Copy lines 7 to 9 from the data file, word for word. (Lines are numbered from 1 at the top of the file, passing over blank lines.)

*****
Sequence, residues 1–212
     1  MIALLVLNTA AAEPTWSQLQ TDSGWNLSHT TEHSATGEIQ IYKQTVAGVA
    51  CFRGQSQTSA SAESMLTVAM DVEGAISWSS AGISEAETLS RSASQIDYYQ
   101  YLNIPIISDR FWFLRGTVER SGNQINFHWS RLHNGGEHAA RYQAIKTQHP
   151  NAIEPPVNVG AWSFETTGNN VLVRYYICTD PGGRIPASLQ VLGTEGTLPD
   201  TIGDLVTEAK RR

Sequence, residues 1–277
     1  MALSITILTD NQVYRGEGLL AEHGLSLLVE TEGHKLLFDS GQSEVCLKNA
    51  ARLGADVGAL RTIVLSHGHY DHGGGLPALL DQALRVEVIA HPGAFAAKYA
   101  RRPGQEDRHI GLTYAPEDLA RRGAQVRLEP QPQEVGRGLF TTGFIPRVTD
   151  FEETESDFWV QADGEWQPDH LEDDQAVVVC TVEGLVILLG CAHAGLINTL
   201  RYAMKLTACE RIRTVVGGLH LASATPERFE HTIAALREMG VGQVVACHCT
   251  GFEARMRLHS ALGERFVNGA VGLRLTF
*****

Sequence, residues 1–277
     1  MALSITILTD NQVYRGEGLL AEHGLSLLVE TEGHKLLFDS GQSEVCLKNA
    51  ARLGADVGAL RTIVLSHGHY DHGGGLPALL DQALRVEVIA HPGAFAAKYA